Soka Gakkai International
Buddhism in Action for Peace
History & Philosophy
Stories and reflections on the Buddhist approach to life
I was born and raised in Manipur, India, where my parents ran a small restaurant on a college campus. My parents, though hardworking, were always fighting with each other. My father was violent and had a drinking problem. I was an angry kid and got into fights.
In 1999, when I was 16, a family friend introduced me to the SGI. I sensed the genuineness of SGI members, but practiced inconsistently.
In 2001, I hit rock bottom. My high school results were so poor that I couldn’t get into a college of my choice. My father was furious. Having grown up in tough conditions, he wanted his son to succeed in a way he never could. One night he got very drunk and beat me up. My mother cried bitterly but could do nothing. Life became hell.
I decided there was only one way out: to leave my family and start a new life. With some cash from my mother, I arrived in New Delhi, thousands of miles away from home, alone and directionless.
It’s important, therefore, to have the courage to ask yourself what it is that you should be doing now at this very moment.
I would have suffered alone had it not been for the SGI members’ support. They prayed with me, and we studied Nichiren Buddhism and SGI President Daisaku Ikeda’s writings together. Their sincerity, courage and compassion lifted me out of the darkest hour of my youth, gradually filling my heart with hope.
Asking myself, “What do I want to do in life?” I sought answers in President Ikeda’s writings. His words pierced my heart like an arrow: “You must challenge yourself in something, it doesn’t matter what. Then by making consistent effort, the direction you should take will open up before you quite naturally. It’s important, therefore, to have the courage to ask yourself what it is that you should be doing now at this very moment.”
Six months later, I heard about Soka University of America (SUA), which had just opened that year. My heart leapt at the idea of studying at a university founded by my mentor, but a part of me said: “Poor you, you will never have the chance . . . maybe in the next lifetime.” How could I, who could hardly afford the next bus ride, dream about living and studying in America?
But the more I practiced Buddhism, the more daring I became in my hopes. I started practicing seriously, praying and summoning up courage to pursue the impossible.
After almost two years of hard work, I completed the challenging application process. In March 2003, I learned that SUA had accepted me as a member of its pioneering third entering class with a full scholarship and grants.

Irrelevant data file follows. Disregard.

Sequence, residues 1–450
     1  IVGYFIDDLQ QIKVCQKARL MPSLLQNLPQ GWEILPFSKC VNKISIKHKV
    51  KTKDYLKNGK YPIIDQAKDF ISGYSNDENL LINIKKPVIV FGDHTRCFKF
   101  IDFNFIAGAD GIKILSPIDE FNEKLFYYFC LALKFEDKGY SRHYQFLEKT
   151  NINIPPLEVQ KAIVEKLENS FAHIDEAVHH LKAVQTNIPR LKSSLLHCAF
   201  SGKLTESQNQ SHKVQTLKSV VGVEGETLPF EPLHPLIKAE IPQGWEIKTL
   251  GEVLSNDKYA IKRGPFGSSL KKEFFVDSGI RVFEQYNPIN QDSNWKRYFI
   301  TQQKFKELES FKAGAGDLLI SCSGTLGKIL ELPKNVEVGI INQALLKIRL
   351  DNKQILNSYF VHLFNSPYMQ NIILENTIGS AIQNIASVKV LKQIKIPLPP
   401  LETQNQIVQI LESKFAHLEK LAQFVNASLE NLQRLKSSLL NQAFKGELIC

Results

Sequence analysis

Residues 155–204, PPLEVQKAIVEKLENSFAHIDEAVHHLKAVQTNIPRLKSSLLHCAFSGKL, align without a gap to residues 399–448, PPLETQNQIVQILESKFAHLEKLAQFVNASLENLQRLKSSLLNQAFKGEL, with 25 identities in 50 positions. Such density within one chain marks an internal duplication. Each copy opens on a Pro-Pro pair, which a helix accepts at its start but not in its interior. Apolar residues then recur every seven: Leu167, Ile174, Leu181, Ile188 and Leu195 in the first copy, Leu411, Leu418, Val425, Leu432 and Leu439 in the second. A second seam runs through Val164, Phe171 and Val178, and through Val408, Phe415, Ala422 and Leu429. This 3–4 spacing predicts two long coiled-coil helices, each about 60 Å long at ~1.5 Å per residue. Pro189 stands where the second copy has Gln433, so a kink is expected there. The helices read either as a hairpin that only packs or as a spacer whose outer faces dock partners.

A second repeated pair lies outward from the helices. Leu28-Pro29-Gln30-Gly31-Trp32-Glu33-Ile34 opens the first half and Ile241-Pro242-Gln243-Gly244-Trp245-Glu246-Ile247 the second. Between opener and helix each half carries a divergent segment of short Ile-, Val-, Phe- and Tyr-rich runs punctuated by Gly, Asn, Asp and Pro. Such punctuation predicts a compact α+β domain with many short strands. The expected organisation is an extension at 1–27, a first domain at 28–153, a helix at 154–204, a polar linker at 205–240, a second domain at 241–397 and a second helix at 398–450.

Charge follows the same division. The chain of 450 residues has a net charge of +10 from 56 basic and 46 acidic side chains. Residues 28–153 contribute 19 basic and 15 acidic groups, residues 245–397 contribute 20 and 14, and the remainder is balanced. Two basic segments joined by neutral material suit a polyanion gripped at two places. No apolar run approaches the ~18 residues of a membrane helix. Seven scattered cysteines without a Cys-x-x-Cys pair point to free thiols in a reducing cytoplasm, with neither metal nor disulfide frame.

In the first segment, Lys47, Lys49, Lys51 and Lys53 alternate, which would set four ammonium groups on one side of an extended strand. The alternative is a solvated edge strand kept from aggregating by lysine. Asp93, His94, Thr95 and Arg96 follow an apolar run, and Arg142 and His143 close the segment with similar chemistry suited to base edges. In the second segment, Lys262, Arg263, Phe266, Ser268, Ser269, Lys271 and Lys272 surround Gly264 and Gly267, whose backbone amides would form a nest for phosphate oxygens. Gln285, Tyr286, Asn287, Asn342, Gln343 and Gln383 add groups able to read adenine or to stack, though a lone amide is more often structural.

related article Transforming Educational Practices by Nigel Straker "Transforming Educational Practices". By Nigel Straker, UK. Nigel Straker's practice of Nichiren Buddhism opened up his role as a pathfinder in education. At SUA, I encountered students who were not only brilliant but also deeply committed to the cause of world development. I gained lifelong friends and teachers who constantly motivated me to think deeper, work harder and create value in any and all circumstances.
Based on Mr. Ikeda’s philosophy of peace and individual empowerment, upon graduation, I decided to become a socioeconomic development practitioner who can help initiate a peaceful solution to the problems in northeast India, where I’m from, which has been plagued by insurgency and poverty.
I determined to go to the institute where some of the best development practitioners gather, the school that would best equip me to carry out my vision—the Masters Program in International Development at Harvard University’s Kennedy School of Government. With every challenge, the courage I gained from my Buddhist practice was behind me. In 2010, I was accepted to Harvard University with a full scholarship.
In March 2012, while still a student, I founded a nonprofit organization, The Manipur International Centre, with the mission to help realize peace and development in Manipur and northeast India. I intend to lead this organization in line with the Buddhist principles of nonviolence, courageous dialogue, human rights and the sanctity of human life.
I have also mended my relationship with my father, who has transformed from a reckless man into the most loving dad who cares deeply for and enjoys his family. I have realized that with faith, one can transform any circumstance.
[Courtesy, July 2012 SGI Quarterly]
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